Event – Avicii concert.
Key sponsor – Gitanjali Group, leading manufacturer and retailer of gold and diamond jewelry.
Tim Bergling a.k.a. Avicii is a 22 year old Swedish DJ and record producer, Grammy nominated and currently ranked 6th on Top 100 DJs list. He plays dance-house music and is best known for ‘Seek Bromance’ and ‘Levels’. Several of his hits have topped the charts across the world.
The Avicii concert in Mumbai was overrun by 15-22 year old school and college going kids (at 28, I felt odd and old there!) – this is Avicii’s core follower group. I understand how Redbull, Absolut, VH1, MTV and even Idea and Central connect with the concert and its core audience, but Gitanjali?
It got me wondering about sponsorships and the importance of getting the connection between the brand and the event right – the brand image, values, the emotional experience, and the match between the audience and the target consumer segment for the brand.
Sponsorship is a means of cultivating the company’s image and credibility, differentiating from competitors, improving associations and relationships with customers and exhibiting services and products by supporting events that are attended by and popular amongst the target segment.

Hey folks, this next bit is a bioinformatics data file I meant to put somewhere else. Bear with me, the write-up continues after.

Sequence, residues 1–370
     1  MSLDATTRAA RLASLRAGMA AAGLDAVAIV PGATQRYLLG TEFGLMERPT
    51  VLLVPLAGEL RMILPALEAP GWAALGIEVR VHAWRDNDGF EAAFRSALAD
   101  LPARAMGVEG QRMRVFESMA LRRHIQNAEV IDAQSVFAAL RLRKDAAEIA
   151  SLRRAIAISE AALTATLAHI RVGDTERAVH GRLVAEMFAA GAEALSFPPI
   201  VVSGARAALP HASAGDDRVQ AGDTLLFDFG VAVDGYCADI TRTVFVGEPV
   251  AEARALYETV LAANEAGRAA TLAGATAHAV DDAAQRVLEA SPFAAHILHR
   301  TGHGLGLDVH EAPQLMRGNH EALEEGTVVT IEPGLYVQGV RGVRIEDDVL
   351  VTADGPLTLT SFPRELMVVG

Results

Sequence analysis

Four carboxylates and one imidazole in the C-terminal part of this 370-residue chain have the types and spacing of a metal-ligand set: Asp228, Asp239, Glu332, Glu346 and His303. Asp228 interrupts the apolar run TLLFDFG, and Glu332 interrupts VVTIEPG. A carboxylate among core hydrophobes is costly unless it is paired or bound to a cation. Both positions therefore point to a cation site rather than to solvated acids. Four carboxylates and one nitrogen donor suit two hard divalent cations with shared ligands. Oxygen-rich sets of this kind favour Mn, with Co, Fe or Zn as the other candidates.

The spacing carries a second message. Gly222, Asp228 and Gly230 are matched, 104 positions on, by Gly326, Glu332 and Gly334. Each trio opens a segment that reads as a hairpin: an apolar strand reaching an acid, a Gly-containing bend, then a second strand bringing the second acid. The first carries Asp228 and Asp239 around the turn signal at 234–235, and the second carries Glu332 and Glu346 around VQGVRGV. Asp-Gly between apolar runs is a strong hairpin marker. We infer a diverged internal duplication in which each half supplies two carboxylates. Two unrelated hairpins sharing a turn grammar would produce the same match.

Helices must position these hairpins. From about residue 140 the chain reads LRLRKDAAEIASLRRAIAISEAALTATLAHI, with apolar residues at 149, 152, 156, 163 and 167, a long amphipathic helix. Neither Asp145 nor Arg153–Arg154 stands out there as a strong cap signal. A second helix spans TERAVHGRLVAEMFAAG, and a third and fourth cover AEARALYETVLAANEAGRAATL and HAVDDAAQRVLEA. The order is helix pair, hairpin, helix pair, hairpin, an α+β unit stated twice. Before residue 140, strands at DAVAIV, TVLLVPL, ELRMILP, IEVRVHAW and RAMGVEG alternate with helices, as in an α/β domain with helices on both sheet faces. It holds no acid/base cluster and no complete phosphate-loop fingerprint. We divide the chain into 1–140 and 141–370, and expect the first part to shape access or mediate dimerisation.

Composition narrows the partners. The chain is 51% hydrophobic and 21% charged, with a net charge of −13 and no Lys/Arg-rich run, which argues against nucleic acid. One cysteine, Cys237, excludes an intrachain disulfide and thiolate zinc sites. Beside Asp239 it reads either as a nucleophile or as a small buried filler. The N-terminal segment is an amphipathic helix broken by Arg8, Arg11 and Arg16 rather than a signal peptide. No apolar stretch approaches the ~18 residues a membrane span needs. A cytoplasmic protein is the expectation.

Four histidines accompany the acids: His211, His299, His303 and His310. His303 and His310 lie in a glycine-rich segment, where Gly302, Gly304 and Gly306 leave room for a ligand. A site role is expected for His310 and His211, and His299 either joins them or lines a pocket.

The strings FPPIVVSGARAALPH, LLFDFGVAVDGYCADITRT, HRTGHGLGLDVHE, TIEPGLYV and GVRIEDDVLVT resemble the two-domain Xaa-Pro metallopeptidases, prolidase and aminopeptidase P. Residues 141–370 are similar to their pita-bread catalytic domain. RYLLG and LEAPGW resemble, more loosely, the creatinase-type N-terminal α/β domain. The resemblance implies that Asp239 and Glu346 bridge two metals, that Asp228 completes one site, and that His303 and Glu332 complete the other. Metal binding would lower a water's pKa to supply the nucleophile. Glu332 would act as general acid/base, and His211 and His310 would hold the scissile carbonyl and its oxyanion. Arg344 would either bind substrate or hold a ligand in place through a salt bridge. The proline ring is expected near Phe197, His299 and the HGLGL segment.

Certain brands and products/ services have a much wider appeal and can therefore be associated with a variety of events. There are mobile service providers like Airtel who find their target consumer segment everywhere – from world class sporting events like the Formula1 race in India to the north-east Indian Hornbill Rock Festival. Some other examples of apt sponsorships and associations at events include Lakme and Wills Lifestyle tie-ups with fashion weeks. Similar associations of jewelry and liquor brands such as Gitanjali Jewels, Nakshatra, McDowells, Johnny Walker with lifestyle events like derbies and fashion shows are also fitting.
Because of the relatively shorter life of sponsorships at events – it typically does not work effectively in isolation, it needs to be supported by and be in sync with other marketing activities and communication. Just like in this example – where Gitanjali may be attempting to connect with the youth, but unsuccessfully so, because it was done in isolation – none of its other marketing activities or DTC communication attempts to appeal to this younger age group.
It is vital to evaluate every opportunity against the key objectives of a marketing activity and be able to connect them with the larger picture marketing goals.